Our Capacity To Care For and Love Others Is Complicated

I. On A Global Scale

The philosopher Adam Smith (who many know as the “Father of Capitalism”) wrote extensively of this predicament. Turns out, our brains are wired to care for and love the people in front of us, in our families, communities, and tribes. Caring for others across the country or the world, even across social strata, on the other hand, is much more difficult.

We cannot empathize with that which we don’t know or understand. And even if we do know and understand, we only have the capacity to viscerally care for a fleeting moment, and then dive straight back into our daily lives.

I’ve had a lot of conversations with people lately who are growing fatigued with all the strife in the world. Every time they turn around something is happening—a deadly wildfire, a mass shooting, a police shooting, a devastating hurricane, you name it.

People are so exhausted from all of it that they are retreating. Worse, there is a growing donation fatigue (of time, money, and resources). Many of us would rather be ignorant than pelted with “bad news” all day long.

And look, I get it. It makes sense. But I think the solution to this predicament comes from Mother Teresa.

She said two important things (of many) related to this idea:

1. “If I look at the mass, I will never act. If I look at the one, I will.’”
2. “If you can't feed a hundred people, then feed just one.”

We would benefit from laying off of ourselves and others and others. I want to think that our capacity to love and give is unlimited, but there are only 24 hours in a day. And we are building up the pressure so high to support that so many are getting stuck in paralysis. Instead, focus on humanity. Take an interest in one story, day after day. If you can't give money, find a way to educate others, share important ideas, start a dialogue. Take action where you can. You don’t have to solve all the world’s problems today. Start with one.

II. What's Right In Front Of You

Paul Kalanathi writes of his colleague’s experience in the Operating Room with a new cancer patient:

“Standing there, waiting in the OR with a nine-hour surgery stretching out before her, Mari had a whisper of a thought: I’m so tired—please, God, let there be mets [spots of cancer that deem surgery useless]. There were. The patient was sewn back up, the procedure called off. First came relief, then a gnawing, deepening shame. Mari burst out of the OR, where, needing a confessor, she saw me, and I became one.”

This is a devastating account, but a relatable one at that. While most of us have ever been standing in an OR, unconsciously hoping that someone is given a death sentence, we all do this in small ways all the time.

Let’s say you made a decision this morning to cut someone off in traffic. You knew there wasn’t quite enough space to squeeze in, but you did it anyway. The woman in the car behind you had to slam on her brakes, which sent her into a tizzy. Because, well, she’s 2.5 months pregnant with her first child and her first six pregnancies have ended in a miscarriage.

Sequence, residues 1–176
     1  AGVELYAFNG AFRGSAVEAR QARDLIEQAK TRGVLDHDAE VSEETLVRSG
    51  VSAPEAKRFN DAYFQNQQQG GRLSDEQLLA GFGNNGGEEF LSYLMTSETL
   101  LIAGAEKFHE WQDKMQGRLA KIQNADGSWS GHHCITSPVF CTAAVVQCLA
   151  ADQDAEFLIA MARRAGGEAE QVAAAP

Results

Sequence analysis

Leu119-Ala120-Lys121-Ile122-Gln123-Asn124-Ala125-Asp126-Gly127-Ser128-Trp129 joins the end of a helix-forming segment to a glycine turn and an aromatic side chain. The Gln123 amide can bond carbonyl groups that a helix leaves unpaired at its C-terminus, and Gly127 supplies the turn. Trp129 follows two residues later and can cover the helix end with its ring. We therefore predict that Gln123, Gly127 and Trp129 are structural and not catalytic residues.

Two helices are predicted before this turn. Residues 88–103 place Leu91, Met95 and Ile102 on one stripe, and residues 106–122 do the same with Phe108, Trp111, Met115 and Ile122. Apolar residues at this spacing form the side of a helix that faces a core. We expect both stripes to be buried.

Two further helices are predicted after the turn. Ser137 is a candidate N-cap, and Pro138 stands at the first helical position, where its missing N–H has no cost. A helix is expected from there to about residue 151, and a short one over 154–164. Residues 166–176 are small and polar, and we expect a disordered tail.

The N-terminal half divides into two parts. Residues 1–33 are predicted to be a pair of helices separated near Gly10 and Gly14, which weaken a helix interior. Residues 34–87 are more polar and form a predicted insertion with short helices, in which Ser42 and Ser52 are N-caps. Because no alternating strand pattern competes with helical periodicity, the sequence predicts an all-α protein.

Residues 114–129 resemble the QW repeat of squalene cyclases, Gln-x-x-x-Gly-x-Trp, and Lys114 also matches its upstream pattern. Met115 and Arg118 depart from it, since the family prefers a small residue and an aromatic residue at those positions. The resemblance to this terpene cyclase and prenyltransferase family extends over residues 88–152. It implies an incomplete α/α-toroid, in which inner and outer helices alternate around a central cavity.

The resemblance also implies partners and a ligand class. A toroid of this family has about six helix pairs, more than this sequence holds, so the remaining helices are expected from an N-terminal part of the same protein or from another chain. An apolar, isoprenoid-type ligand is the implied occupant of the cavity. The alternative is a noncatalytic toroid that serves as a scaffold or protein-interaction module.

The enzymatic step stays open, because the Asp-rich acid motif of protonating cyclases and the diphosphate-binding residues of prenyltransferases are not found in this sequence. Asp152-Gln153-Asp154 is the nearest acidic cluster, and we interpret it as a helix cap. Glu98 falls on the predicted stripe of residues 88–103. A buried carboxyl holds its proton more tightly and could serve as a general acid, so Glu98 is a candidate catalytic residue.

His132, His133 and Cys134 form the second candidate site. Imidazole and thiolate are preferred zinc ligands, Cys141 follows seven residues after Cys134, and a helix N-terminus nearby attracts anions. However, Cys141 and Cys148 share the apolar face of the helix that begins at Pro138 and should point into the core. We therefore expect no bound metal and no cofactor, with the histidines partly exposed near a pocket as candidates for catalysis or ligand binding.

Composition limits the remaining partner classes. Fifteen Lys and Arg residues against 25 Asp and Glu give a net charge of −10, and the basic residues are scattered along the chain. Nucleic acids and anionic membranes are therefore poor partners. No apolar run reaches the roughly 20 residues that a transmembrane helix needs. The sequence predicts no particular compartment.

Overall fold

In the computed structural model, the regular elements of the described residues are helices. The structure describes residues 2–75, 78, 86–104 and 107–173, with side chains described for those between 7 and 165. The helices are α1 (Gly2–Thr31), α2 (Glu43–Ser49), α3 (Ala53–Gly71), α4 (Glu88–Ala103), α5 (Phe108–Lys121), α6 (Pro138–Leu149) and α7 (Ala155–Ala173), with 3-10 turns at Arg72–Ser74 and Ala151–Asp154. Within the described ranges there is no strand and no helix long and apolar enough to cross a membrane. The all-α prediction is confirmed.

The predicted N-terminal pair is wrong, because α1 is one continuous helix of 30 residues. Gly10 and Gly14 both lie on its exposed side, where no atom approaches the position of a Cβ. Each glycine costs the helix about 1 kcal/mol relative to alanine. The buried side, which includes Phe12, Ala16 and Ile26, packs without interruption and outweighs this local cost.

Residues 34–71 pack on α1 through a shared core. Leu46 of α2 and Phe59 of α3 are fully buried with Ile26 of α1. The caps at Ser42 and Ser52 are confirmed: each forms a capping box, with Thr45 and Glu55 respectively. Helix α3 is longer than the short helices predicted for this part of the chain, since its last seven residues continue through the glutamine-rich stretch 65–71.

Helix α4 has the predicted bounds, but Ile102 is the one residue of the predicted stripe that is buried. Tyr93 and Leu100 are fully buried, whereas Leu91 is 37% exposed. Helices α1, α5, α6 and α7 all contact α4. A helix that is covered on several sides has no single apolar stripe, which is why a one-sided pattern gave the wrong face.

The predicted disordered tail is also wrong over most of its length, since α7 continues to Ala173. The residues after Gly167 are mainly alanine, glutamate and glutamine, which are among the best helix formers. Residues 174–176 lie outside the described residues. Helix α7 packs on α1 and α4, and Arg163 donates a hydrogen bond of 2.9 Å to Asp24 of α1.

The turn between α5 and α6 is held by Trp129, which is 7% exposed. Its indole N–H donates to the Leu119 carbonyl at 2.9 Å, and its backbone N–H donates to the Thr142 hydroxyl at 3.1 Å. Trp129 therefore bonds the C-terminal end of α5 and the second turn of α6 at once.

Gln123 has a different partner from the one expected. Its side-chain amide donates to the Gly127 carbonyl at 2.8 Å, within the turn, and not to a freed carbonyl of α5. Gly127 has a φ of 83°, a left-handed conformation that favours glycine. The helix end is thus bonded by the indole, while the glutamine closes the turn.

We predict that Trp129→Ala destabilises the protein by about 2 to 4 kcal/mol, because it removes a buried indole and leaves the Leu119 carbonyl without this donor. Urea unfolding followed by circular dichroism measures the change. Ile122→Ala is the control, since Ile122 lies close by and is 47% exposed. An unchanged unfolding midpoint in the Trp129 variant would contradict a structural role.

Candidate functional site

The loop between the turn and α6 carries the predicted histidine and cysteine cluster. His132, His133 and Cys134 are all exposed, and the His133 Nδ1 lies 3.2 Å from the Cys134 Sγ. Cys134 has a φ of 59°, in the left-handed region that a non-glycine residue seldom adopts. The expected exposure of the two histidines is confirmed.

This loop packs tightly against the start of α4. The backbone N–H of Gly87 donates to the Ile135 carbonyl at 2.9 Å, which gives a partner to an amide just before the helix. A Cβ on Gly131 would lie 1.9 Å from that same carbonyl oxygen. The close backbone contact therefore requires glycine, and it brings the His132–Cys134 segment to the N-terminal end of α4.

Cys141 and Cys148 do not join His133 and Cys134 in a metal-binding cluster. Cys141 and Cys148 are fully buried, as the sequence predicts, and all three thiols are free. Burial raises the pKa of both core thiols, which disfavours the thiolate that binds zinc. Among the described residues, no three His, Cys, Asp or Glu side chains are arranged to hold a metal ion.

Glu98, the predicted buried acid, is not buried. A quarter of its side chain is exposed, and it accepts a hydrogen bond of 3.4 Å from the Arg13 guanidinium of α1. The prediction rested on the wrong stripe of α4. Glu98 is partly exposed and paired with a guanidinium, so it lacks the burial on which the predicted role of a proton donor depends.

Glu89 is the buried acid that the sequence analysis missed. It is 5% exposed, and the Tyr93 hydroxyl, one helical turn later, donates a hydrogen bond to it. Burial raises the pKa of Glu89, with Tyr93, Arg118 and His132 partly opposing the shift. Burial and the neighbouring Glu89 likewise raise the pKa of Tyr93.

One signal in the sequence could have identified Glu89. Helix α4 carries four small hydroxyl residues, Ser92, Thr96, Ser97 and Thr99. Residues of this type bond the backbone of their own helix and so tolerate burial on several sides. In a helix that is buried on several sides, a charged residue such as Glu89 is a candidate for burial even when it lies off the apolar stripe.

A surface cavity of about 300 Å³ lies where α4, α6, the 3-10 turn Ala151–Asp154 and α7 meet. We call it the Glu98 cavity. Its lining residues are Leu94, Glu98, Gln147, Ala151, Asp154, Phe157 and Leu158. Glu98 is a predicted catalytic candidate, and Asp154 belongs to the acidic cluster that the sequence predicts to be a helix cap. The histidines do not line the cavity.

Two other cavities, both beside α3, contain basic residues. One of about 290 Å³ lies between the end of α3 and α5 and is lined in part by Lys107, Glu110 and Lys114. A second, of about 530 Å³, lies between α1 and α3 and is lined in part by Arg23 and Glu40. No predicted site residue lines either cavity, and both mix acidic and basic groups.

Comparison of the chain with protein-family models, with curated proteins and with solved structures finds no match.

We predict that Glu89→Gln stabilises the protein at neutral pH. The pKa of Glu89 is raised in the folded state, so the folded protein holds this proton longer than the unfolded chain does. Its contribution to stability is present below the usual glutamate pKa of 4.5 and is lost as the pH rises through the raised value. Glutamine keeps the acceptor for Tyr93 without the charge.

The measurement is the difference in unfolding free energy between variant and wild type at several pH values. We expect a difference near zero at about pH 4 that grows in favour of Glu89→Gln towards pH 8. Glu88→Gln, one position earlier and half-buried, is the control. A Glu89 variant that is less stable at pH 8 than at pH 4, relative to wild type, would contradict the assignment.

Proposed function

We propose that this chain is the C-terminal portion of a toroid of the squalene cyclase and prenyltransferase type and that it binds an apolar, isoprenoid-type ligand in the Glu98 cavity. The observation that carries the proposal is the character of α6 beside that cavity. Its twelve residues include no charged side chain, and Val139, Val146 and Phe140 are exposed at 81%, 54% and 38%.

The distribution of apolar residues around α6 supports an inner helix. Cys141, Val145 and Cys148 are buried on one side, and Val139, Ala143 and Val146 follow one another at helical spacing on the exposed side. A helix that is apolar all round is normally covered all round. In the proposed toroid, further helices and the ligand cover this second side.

She begins to breathe heavy, trying to calm herself down because she knows stress may cause the baby harm. But she can’t help it. Her stomach slammed into the steering wheel. What if the baby is dead? The woman goes about her day calling her OBGYN, primary care doctors, and husband every hour on the hour.

Not that you knew that would happen. Not that it’s your fault she had six miscarriages. Not that it's Mari's fault her patient had mets. Or that she was feeling particularly tired.

But these thoughts, these decisions we make, do impact others. If you cut a woman off intentionally, knowing it's the wrong thing to do, what happens is on you. You could have waited. You could have stopped to think about how your decision may impact her. You could have paused to think about how crazy and selfish you were acting.

Why didn't you?

Because you were stuck in, what David Foster Wallace calls your "default setting." That is the way you operate in day-to-day life--half-dead, mostly unconscious, and a slave to your mind. You can't help but think you are the center of all things happening in this world.

The real work in life is realizing you are not. This is just an illusion.

When these thoughts creep in, acknowledge them. Breathe, rewind, reset. It's okay to be human; it's okay to make mistakes. But the people at your office, in traffic, in the supermarket checkout line, at the gym on January 2nd—they fucking matter just as much as you do. Their livelihoods matter. Their stories matter. Their problems matter.

Take the time to get to know the people in your life. Do tiny acts of service--like holding the door open for someone or letting someone go in traffic. Find a way to connect.

Care and love the people in your world, even when you’re stressed, even when it’s hard. Dare to give so much of yourself, to step outside your selfish intent, and become a person you can be proud to be. Fight to stay conscious.

Kate Ward